The Perfect Memory
The common criticisms from professors about broad, superficially philosophical questions apply perfectly well to the title of this piece. What is a perfect memory? We may try to divide up the question and ask what both perfection, and memory are. We may ask whether memory refers to a memory of something or that reified agglomeration of things which we colloquially call our memory. Yet, in some contexts, it seems the idea of “perfect memory” has been pinned down. Psychologists employ a myriad tests to assess the memory capacity of individuals, this is generally then compared to a norm. Books, apps, magazines offering to “improve your memory” abound. If something can be improved, this implies a normative “better” direction. In this sense then, it is easy to imagine that at one end of the memory scale — the better end — is the ideal memory. The perfect memory.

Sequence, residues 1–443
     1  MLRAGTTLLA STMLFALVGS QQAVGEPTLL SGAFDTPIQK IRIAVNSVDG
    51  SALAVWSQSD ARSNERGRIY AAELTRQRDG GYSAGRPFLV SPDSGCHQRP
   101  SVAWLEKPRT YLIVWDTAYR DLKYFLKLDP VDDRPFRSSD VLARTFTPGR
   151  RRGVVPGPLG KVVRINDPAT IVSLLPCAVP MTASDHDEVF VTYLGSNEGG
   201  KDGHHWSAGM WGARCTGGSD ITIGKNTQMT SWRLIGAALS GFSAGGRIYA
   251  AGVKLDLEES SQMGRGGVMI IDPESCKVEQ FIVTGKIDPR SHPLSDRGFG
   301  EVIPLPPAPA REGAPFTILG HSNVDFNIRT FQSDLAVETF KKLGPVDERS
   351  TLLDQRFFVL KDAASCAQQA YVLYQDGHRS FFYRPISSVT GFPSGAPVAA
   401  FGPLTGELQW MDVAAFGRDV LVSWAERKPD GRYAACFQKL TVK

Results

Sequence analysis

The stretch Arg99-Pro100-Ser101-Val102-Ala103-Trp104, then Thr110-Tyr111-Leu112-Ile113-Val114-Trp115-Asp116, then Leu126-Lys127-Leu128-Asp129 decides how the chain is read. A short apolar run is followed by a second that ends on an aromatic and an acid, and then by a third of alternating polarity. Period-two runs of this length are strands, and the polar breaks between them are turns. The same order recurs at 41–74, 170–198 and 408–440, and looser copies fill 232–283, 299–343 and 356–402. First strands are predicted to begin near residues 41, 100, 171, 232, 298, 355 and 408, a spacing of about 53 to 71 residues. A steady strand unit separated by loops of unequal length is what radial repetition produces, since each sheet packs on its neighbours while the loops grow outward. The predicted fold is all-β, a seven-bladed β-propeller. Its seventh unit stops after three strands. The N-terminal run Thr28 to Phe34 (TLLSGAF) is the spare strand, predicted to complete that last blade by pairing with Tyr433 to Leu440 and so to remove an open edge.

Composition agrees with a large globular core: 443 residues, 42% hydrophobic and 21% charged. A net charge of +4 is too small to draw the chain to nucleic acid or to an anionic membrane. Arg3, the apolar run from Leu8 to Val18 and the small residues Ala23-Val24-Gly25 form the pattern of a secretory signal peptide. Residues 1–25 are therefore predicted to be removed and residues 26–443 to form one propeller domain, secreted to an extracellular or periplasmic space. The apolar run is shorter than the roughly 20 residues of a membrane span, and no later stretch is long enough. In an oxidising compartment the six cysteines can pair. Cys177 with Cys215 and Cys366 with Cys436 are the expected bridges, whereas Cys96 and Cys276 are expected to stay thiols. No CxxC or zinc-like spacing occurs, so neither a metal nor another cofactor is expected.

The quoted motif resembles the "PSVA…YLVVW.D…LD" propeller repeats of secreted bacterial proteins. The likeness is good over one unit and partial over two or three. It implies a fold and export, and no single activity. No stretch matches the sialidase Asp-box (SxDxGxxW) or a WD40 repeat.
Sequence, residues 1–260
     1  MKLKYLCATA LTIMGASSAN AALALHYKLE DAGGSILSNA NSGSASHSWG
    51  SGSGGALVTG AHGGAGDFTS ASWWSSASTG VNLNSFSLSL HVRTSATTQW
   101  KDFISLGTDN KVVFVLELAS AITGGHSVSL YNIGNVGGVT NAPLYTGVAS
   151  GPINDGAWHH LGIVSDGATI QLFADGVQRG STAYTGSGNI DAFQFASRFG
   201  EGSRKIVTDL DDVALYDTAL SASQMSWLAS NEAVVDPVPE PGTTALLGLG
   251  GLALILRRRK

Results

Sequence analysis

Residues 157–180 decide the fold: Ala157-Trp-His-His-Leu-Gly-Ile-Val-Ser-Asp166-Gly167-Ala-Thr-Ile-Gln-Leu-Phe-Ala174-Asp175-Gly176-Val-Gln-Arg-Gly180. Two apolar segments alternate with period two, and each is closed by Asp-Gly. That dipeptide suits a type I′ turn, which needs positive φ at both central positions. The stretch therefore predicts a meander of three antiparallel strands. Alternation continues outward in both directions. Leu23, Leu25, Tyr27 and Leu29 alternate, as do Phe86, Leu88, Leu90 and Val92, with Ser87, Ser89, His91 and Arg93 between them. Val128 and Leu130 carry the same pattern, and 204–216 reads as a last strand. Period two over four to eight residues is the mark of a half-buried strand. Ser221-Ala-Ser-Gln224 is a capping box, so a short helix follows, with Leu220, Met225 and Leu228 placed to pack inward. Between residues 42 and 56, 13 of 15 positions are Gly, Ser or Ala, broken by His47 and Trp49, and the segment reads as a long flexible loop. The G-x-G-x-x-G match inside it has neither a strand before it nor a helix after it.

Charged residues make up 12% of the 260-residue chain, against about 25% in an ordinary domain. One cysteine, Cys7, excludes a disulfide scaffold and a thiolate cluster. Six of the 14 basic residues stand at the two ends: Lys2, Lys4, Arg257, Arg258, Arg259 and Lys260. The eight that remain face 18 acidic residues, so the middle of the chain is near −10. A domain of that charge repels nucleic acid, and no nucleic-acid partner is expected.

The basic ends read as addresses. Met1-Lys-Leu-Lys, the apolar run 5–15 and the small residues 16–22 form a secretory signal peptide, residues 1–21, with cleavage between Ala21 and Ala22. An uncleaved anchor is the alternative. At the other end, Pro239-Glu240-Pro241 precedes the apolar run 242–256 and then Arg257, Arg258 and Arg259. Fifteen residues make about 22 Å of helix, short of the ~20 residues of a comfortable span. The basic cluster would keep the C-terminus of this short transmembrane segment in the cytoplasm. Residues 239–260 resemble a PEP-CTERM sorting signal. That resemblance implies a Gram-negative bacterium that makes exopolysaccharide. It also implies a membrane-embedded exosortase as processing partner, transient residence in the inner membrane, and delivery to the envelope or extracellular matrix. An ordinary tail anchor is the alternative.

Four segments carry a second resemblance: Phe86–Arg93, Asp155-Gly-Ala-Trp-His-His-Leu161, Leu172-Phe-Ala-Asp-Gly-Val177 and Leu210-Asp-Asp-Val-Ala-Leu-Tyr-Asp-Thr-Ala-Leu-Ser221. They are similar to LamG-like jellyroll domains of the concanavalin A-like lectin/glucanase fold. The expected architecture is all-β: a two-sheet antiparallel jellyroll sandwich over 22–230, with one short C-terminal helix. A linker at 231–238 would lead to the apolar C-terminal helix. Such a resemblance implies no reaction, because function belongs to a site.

… simply a chip behind your ear, and an elegant remote control and you can replay exactly and indefinitely, every moment of your life…
As far as I am aware, the vast majority of psychometrics relating to memory primarily measure something like capacity, accuracy and/or longevity of memory in its different forms. This would imply that the ideal memory, that which the exercises, games, puzzles, etc. will purportedly help you work towards, is one of infinite capacity and durability, and perfect accuracy. This is precisely the concept which is taken up in “The Entire History of You”, an episode of the television show Black Mirror (2011). In the creepily familiar world of this show, the perfect memory exists; simply a chip behind your ear, and an elegant remote control and you can replay exactly and indefinitely, every moment of your life. The creators of this show hint at more overt broader scale social implications, the very literal internalisation and universalisation of surveillance, but their focus is on the personal experience of this kind of perfect memory. Following the marriage of the main characters Liam and Ffion, we are led to reconsider whether such an accurate memory is indeed ideal. In the process we pass through questions about perspective, interpretation, morality, love…